The stone felt cold as it rested in the palm of my hand. It was smooth and pale—a small fragment of limestone that resembled those that covered the walls of Jerusalem. I and a hundred others were in two boats sailing on the Sea of Galilee. I had never intended to celebrate my birthday like this.
In fact, I never even planned on being on the trip, but my parents, being as enthusiastic as they are, had somehow convinced me to come. In short, everything was paid for, and I tagged along begrudgingly. Originally, I had planned to spend my special day with my friends, but God had other plans, better plans.
The whole experience was nothing short of surreal. There we were on the very same lake where Jesus once calmed the storm and walked on water. We sat patiently, each of us with a stone, as the boats came to a slow halt in the middle of the great lake.
What was the significance of the stones and why were we carrying them around?
Israel has an abundance of stones. Under its manicured infrastructures and lush greens lie the ruins and rubble of cities repeatedly built and torn down, fortresses and temples lost in time but are still there waiting to be discovered, slowly unravelling the past, and continuously proving that the Word is real and very much alive. These stones are important. They are monuments. They are reminders of how much God has faithfully kept His promises to His people, even though a lot of times they haven’t.
Perhaps the most important stone in the whole trip was a particular stone that wasn’t even there. It was the massive boulder that was supposed to seal off the tomb where Jesus’ body lay. It was moved and eventually disappeared in time. All that was left was the empty tomb.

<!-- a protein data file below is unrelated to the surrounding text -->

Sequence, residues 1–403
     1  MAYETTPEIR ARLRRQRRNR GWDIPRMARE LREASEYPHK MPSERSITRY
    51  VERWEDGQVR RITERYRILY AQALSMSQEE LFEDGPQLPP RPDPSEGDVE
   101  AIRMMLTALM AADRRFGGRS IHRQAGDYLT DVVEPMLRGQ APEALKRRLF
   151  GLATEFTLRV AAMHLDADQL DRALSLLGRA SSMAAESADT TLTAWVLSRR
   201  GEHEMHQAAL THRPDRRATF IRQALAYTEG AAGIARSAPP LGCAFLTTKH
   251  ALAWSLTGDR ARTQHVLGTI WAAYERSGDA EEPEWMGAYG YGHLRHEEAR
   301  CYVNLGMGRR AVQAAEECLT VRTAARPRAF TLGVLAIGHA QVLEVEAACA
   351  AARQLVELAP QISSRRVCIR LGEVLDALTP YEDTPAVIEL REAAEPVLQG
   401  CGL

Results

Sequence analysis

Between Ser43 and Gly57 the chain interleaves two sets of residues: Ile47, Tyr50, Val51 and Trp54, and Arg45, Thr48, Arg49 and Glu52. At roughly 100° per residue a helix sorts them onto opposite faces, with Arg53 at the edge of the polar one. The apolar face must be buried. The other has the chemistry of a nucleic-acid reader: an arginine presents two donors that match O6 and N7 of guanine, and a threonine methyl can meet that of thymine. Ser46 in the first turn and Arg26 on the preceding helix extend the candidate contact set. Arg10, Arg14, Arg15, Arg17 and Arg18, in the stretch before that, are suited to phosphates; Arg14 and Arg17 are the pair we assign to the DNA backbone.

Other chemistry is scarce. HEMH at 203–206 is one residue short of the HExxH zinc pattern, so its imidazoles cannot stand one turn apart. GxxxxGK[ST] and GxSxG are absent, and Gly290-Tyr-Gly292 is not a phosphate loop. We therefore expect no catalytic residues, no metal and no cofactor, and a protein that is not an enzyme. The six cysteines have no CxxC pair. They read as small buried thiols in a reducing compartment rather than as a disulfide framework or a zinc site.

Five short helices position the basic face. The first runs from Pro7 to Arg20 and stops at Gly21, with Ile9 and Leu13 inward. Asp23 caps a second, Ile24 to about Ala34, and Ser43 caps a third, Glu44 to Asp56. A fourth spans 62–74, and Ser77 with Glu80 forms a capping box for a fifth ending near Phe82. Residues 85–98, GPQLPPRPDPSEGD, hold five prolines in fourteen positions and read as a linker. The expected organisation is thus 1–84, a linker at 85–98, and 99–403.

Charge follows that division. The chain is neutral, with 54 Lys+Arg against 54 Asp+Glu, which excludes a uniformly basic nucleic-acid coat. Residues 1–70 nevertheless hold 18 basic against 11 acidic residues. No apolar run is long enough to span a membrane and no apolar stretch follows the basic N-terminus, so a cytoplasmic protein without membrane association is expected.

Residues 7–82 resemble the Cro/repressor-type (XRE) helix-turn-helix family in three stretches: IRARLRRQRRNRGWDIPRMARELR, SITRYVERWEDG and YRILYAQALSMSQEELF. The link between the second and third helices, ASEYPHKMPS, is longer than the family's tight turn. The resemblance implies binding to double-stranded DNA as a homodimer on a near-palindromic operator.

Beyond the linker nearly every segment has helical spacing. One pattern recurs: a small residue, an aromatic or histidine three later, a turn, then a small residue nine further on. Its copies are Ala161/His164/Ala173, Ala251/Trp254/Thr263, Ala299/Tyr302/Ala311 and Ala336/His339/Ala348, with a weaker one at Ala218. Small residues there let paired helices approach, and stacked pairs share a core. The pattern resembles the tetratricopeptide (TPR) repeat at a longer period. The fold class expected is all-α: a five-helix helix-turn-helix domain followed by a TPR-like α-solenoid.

“Why you believe what you believe is most important.” I was reminded of this as I held the tiny stone in my hand. We were in the Holy Land, retracing Jesus’ steps, revisiting His life and experiences with his disciples who willingly gave up their lives for the Truth that He died for the forgiveness of our sins, was buried, and rose again.
This Truth is something unfathomable, but seeing the several physical proofs before me gave my once restless mind peace and confidence in the Truth and that God keeps His promises if we trust and obey.
I stated earlier that the stones serve as reminders, hence it was only fitting that the ones in our hands also reminded us of things that hinder us from submitting ourselves to God: our doubts, sorrows, fears, worries, burdens, obsessions, and hang ups. In my case, my stone embodied my selfishness and the worries I left back home.
As I stood on the edge of the boat, I reflected on how my pettiness and selfish plans almost robbed me of the chance of meeting new friends, gaining unforgettable experiences, and learning more about myself and God. I was in tears, thankful for the grace He’s given me, thankful for my parents, and thankful for how faithful God has been in my life. In the middle of the Sea of Galilee, I held out the stone in my hand and let go.
Robert Musico is a technical marketing specialist for Trend Micro Inc. He is 24 years old and is a freelance writer.